Feb. 9: Canada expands its COVID-19 screening requirements for travellers returning from affected areas to 10 airports across 6 provinces, putting in place the same voluntary self-isolation for symptomatic people, but for no one else.
Feb. 11: Travellers entering Taiwan must complete an accurate health declaration form or be fined up to NT$150,000 (US$5,000), Wang reports.
Feb. 11: The WHO issues a new statement of travel bans, opening the door for some restrictions: “Evidence on travel measures that significantly interfere with international traffic for more than 24 hours shows that such measures may have a public health rationale at the beginning of the containment phase of an outbreak, as they may allow affected countries to implement sustained response measures, and non-affected countries to gain time to initiate and implement effective preparedness measures.”
The WHO advocates for containment, “including active surveillance, early detection, isolation and case management, contact tracing and prevention of onward spread of 2019-nCoV infection.”
Feb. 12: In Taiwan, the government declares that violators of the mandatory home isolation regulations will be fined up to NT$300,000 (US$10,000); violators of home quarantine regulations will be fined up to NT$150,000 (US$5,000), Wang reports. Cases of severe influenza that tested negative for influenza since Jan. 31 are to now be retested for COVID-19.
Feb. 14: In Taiwan, Taipei City, the government tracks down three Hong Kong visitors who disappeared for almost a week without undergoing quarantine. Each is fined NT$70,000 (US$2,350) and transferred to specially assigned quarters for medical isolation. The Entry Quarantine System launches to fill out health declaration form electronically and allow for faster immigration clearance.
Feb. 17: Daily mask output is now now five million masks in Taiwan, with the goal of reaching 10 million per day.
Feb. 20: Canada confirms its first case related to travel outside mainland China.
Feb. 21: In Taiwan, with school to restart after an extended Lunar New Year holiday, the Ministry of Education guidelines for any new suspension of classes due to confirmed coronavirus cases: If 1+ in a class (student or teacher) at the K-9 level is diagnosed with COVID-19, that class is suspended for 14 days; If there are 2+ cases in a school, the school is closed for 14 days; If one-third of schools in a township, city, or district are shut down, all others are closed; If a student or teacher is diagnosed in a high school, college, or university, all classes they attend or teach are suspended for 14 days; If 2+ cases of COVID-19 in an institution at any level, it will close for 14 days.
Feb. 23: In Tawan, 6.45 million surgical masks are distributed to K-12 schools and after-school institutions before spring semester starts along with 25,000 forehead thermometers and 84,000 liters of alcohol-based sanitizers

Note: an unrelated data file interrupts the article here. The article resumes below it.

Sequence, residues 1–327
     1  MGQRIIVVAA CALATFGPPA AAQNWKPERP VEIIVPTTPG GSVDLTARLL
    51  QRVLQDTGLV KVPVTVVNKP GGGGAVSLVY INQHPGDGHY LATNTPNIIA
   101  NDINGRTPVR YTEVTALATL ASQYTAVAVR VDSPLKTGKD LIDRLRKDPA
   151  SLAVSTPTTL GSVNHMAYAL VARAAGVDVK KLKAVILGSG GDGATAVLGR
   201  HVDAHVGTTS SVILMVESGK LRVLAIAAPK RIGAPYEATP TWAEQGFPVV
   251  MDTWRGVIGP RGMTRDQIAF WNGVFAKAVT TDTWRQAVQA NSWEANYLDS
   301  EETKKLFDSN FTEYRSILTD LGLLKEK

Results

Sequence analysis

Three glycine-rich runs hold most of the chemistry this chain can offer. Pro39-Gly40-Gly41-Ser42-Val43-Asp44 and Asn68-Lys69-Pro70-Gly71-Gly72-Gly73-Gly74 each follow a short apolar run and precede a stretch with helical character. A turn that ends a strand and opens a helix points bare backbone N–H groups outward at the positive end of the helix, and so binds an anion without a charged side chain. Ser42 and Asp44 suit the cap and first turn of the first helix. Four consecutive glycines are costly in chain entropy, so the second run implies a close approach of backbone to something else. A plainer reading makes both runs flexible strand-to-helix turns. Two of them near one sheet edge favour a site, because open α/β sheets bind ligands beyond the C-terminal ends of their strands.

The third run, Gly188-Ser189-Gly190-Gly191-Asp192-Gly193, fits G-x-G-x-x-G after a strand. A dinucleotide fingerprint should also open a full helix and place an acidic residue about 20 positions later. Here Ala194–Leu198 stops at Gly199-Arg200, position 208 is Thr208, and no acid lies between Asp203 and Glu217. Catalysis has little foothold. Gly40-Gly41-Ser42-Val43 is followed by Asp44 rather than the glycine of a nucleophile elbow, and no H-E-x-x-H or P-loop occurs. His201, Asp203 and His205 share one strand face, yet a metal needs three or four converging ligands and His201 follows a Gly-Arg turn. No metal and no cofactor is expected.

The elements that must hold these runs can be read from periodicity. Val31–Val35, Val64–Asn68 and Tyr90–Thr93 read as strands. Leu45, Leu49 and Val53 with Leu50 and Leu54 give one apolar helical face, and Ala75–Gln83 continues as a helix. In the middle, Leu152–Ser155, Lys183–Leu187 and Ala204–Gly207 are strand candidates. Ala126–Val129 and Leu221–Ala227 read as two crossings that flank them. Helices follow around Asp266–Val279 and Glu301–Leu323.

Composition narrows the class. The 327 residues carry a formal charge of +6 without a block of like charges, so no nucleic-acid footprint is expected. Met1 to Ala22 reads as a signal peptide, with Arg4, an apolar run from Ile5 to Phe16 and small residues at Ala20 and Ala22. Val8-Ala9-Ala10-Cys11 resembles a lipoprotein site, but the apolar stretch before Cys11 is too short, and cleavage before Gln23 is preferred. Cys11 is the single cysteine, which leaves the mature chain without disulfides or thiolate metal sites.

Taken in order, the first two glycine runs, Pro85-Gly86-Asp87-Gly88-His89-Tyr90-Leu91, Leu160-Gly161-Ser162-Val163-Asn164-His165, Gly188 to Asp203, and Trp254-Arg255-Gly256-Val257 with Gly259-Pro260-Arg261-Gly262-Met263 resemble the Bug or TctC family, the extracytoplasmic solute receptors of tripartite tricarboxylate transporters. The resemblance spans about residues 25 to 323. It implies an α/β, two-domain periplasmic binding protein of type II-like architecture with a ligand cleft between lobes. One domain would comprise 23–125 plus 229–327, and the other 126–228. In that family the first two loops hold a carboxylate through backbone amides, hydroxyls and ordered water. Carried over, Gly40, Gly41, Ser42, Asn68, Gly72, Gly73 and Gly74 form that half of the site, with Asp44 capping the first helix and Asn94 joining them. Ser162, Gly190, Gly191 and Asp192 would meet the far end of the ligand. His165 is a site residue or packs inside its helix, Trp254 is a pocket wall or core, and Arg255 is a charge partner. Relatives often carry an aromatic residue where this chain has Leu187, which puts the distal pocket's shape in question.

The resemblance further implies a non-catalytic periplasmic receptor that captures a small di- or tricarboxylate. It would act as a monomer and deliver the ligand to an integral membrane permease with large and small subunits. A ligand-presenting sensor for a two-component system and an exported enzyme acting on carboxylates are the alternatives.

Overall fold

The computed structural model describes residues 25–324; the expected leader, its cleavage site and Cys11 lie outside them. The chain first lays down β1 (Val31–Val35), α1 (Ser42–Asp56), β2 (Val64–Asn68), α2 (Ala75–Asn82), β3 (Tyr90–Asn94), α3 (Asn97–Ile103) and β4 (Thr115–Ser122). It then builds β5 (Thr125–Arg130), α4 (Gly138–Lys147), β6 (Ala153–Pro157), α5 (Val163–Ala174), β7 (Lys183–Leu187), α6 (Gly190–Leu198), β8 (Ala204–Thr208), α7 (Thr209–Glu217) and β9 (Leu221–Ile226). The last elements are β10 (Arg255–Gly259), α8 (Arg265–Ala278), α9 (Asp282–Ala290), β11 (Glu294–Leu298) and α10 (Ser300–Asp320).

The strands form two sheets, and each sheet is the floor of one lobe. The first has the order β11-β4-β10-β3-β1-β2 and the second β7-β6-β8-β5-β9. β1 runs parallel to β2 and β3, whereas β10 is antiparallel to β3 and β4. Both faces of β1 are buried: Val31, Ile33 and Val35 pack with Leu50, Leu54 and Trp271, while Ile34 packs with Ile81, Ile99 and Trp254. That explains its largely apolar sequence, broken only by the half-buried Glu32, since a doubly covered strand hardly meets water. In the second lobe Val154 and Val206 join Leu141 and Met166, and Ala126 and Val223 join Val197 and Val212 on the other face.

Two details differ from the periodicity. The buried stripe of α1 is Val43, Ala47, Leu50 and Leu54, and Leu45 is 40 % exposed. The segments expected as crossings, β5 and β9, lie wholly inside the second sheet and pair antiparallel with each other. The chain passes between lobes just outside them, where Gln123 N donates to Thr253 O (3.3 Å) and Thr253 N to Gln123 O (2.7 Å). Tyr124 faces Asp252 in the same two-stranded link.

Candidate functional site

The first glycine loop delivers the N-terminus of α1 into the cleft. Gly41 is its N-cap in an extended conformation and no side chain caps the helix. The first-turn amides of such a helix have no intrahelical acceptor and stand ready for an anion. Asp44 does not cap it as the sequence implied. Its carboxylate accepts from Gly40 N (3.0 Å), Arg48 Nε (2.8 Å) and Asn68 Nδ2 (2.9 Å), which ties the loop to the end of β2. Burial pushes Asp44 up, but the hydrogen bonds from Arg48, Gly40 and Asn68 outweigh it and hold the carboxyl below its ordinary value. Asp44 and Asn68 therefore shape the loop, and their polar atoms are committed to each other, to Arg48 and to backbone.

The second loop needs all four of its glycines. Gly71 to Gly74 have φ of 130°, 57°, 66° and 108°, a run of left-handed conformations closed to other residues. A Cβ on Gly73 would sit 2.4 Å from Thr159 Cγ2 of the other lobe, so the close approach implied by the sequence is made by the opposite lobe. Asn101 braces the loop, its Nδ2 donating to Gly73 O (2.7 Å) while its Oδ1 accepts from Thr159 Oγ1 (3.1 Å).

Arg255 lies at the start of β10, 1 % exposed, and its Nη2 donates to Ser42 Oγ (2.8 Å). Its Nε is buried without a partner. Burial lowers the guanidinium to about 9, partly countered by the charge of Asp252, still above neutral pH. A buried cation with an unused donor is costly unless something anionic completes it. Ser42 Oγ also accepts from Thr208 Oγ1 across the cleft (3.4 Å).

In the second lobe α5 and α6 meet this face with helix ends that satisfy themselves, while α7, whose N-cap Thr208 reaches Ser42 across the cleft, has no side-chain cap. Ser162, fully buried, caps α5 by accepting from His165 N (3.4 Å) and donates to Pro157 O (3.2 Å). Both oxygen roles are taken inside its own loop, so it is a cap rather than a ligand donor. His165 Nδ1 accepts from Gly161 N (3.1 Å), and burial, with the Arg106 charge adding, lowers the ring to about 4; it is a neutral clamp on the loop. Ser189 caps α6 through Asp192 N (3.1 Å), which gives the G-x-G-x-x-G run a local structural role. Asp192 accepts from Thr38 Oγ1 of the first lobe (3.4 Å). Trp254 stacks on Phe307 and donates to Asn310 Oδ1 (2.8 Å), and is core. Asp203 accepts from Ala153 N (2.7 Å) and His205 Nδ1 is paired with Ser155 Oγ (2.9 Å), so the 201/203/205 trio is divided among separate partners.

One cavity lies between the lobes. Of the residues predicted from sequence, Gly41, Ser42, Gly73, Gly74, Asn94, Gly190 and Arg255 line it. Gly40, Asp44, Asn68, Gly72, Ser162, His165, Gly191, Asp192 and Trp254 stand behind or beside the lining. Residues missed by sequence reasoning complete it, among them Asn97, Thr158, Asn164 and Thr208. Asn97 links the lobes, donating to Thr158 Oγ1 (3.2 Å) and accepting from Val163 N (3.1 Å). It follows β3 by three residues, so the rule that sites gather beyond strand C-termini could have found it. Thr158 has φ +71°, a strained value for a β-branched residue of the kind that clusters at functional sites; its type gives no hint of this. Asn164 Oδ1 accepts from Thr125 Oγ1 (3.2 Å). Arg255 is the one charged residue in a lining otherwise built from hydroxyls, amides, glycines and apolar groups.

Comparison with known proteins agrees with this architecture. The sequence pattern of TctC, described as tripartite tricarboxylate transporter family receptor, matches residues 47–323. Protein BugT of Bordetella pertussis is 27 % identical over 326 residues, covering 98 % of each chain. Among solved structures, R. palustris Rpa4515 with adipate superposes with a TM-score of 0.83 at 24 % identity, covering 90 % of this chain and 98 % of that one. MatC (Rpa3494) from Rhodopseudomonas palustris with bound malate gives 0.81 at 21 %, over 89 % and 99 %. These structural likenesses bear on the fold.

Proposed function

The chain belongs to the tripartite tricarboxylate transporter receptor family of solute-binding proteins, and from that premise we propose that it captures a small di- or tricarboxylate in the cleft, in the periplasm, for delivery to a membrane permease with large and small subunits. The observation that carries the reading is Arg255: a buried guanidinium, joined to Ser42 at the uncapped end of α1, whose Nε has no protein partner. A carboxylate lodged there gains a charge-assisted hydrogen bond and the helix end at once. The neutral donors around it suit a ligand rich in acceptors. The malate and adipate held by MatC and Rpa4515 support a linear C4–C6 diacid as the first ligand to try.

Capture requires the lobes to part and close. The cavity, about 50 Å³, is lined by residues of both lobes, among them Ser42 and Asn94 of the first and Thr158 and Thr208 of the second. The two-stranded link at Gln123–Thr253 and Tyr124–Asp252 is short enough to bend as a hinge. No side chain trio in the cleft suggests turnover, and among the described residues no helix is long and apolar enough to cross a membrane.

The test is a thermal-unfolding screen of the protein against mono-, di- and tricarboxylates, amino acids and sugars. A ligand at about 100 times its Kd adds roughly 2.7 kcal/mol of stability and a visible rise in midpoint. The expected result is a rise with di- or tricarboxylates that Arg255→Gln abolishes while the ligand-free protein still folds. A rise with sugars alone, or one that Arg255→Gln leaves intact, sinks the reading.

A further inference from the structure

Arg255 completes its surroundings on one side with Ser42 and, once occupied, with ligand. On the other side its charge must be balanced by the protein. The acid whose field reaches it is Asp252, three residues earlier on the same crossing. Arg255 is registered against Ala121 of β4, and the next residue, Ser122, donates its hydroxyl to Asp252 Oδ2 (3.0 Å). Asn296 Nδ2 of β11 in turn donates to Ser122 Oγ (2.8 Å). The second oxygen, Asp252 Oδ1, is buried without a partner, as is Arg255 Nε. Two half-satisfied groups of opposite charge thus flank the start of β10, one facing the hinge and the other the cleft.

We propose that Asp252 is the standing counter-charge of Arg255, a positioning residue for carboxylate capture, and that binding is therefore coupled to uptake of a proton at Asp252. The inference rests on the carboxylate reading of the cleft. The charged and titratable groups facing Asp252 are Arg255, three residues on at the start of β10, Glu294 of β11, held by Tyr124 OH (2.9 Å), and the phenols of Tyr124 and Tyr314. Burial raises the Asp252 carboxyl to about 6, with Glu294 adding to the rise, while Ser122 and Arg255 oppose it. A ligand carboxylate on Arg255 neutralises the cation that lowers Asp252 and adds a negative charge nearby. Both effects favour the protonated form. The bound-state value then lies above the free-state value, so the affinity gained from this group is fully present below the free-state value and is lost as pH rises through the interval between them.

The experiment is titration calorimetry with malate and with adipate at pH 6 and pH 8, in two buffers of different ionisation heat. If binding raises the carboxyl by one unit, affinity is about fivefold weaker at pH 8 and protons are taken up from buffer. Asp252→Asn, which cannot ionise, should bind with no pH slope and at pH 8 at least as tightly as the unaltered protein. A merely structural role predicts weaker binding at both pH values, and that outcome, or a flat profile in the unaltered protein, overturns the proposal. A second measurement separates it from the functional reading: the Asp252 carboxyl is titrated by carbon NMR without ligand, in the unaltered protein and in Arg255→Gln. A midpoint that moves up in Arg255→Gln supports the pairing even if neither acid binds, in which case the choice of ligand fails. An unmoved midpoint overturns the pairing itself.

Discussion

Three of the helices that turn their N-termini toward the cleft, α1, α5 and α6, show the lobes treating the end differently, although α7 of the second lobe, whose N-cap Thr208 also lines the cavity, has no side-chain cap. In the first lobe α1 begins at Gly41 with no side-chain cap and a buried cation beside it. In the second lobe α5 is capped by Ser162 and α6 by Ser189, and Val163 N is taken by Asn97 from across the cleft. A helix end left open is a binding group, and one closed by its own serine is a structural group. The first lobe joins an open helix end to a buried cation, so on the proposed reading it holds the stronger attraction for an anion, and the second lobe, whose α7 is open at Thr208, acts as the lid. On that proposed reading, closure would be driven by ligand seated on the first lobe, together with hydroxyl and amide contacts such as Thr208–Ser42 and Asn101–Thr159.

Feb. 26: At Health Committee, Jeneroux asks about a statement Tam had made to CTV on Feb. 24: “She stated that the more countries are infected, the less effective and feasible it is to close our borders. I am curious if this is some sort of admittance that the government should have shut down the borders when China was — from what we understood at the time — the only country that was heavily infected.”
Dr. Howard Njoo, Deputy Chief Public Health Officer, Public Health Agency of Canada replies to Jeneroux: “Not at all. We certainly understand that border measures are just one layer in a multi-system approach to preventing and hopefully controlling the spread of COVID-19 in Canada. It’s never been understood or recognized that border measures alone will stop it. We know that with this disease — as with many other infectious diseases — there is something called an ‘incubation period.’ Someone could actually be harbouring the disease, virus or bacteria and come into Canada feeling totally well, having no symptoms at all, and then only declare and come forward with symptoms once they have actually entered the country.”
Njoo insists Canada is doing well: “We have contained the virus. There have been 12 cases to date in Canada. That’s a relatively low number compared to other countries. All of the cases, I would say, are isolated or at least isolated to travellers coming to Canada or their very close contacts. Nine of the cases coming to Canada were all linked to travel to China. Now the three most recent ones — which is quite interesting in many ways — are linked to travel from Iran.
Njoo shoots down idea of closing borders: “Let me respond to the previous comment about the border measures. I can’t speak for Dr. Tam — I’m sure she’ll have the opportunity to maybe clarify or speak for herself in terms of border measures — but it’s not about closing the borders. From a public health perspective, closing the borders has never proven to be effective in terms of stopping the spread or the introduction of disease into any country. I think what Dr. Tam might have been thinking about with the border measures was in terms of looking at what’s happened in other countries, such as Italy now, and the spread to many other countries and regions. The supplementary border measures that we’ve had up to date include giving additional information to travellers from China, from Hubei province. You can imagine how if that list gets expanded — to Japan, South Korea, Italy and so on — obviously, there will be a trickle-down effect in terms of what provincial authorities may need to follow up on.”